Royal Frosting: A.K.A.: Gingerbread Glue

Making Royal Frosting (also known as gingerbread glue) can be a bit intimidating if you've never made it before.  I'll talk you though how to make it! (and the photo's will help too!)

Every Christmas Eve our house is filled with teenagers and an annual Gingerbread Competition begins. It started with just our own children, but soon they were inviting friends, and now it's become a fun tradition where friends and family know they are welcome to join us!

Royal Frosting is the kind that harden's and is not meant as frosting on a cake, but is great for glueing decortions onto cakes and cupcakes and for building gingerbread houses.

You are really going to need a strong Kitchen Aid type mixer. A small hand held mixer will not hold up to making Royal Frosting. Borrow a friends or neighbors if you need to make this recipe.

Jan's Tip:   Meringue Powder vs. Egg Whites Vs. Cream of Tartar:  The original recipe for royal icing was made with egg whites, Meringue powder is a substitute for that, also cream of tartar can be used as well. I have used all three, but my personal preference is for the meringue powder. It dries quicker and harder, and better for my kiddo's in their "timed" competitions! Meringue Powder can be found in the baking aisle with cake decoration supplies of your local supply stores. (Even craft stores)
Cream of Tartar on the Left vs. Meringue Powder on the right.
I prefer Meringue powder

Printable Copy
Gingerbread Glue/Royal Frosting:

6 Tablespoons Meringue Powder
2 lb. bag of powdered confectioners sugar
3/4 cup warm water

In mixers, mixing bowl mix together on low powdered sugar and meringue powder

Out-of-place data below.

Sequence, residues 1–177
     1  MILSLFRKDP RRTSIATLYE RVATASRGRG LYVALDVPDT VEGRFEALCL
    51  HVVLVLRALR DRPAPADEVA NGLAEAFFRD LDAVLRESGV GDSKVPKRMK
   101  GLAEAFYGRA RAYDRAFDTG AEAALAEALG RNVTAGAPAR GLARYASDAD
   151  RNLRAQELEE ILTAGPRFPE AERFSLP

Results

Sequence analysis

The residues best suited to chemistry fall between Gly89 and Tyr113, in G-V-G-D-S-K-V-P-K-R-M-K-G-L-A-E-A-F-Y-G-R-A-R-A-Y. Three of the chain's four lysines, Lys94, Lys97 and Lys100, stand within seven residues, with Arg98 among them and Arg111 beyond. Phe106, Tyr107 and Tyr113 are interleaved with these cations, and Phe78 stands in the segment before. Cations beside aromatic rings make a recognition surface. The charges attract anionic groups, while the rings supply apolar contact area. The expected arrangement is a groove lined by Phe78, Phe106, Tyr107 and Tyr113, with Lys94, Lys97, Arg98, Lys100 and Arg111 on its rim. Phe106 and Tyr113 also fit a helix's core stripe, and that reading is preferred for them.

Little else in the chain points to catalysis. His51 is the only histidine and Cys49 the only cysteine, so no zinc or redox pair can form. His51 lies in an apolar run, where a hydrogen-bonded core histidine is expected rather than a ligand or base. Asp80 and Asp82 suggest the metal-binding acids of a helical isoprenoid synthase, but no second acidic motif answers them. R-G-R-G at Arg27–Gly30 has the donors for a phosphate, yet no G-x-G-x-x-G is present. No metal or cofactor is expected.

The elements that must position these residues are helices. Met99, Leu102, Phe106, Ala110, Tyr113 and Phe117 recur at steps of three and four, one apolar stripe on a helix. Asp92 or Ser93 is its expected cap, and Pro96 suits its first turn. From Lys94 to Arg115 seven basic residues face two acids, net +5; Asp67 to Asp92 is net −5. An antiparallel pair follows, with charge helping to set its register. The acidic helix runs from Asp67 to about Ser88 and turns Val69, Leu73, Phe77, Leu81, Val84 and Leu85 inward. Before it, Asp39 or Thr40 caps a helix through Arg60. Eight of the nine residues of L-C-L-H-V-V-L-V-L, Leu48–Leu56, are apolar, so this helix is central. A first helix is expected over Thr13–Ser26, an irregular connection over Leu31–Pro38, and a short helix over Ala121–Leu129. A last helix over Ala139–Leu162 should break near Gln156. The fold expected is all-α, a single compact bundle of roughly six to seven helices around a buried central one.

Slowly add the water by slowly drizzling it into the mixer while the mixer is still running.

Mix till it forms a thin glaze.

Turn mixer's setting to 3 or 4 on the settings dial.
Set a kitchen  timer for 8-10 minutes and let it run.
Stop the mixer and lets check it:

Is your frosting done?
You are looking for a shiny and fluffy super thick frosting.
Look at this shiny glossy frosting!

To test it:
 Pull the beaters out of the bowl. Some peaks should form both in the bowl and on the beater that are super thick and hold their shape.

 You can also pinch a little out of the bowl with two fingers. Pull fingers apart. Frosting should be super tacky and form "peaks" when pulled apart.

If it's not quite there yet, mix it some more for about 2 more minutes till consistency passes your test.

Keep frosting covered with a wet cloth (rest it on the surface of the frosting) till ready. (Frosting will start to harden otherwise). Sorry forgot to take a photo of this, I had a table full of waiting contestants and didnt' need to cover it!
Happy Building to you!

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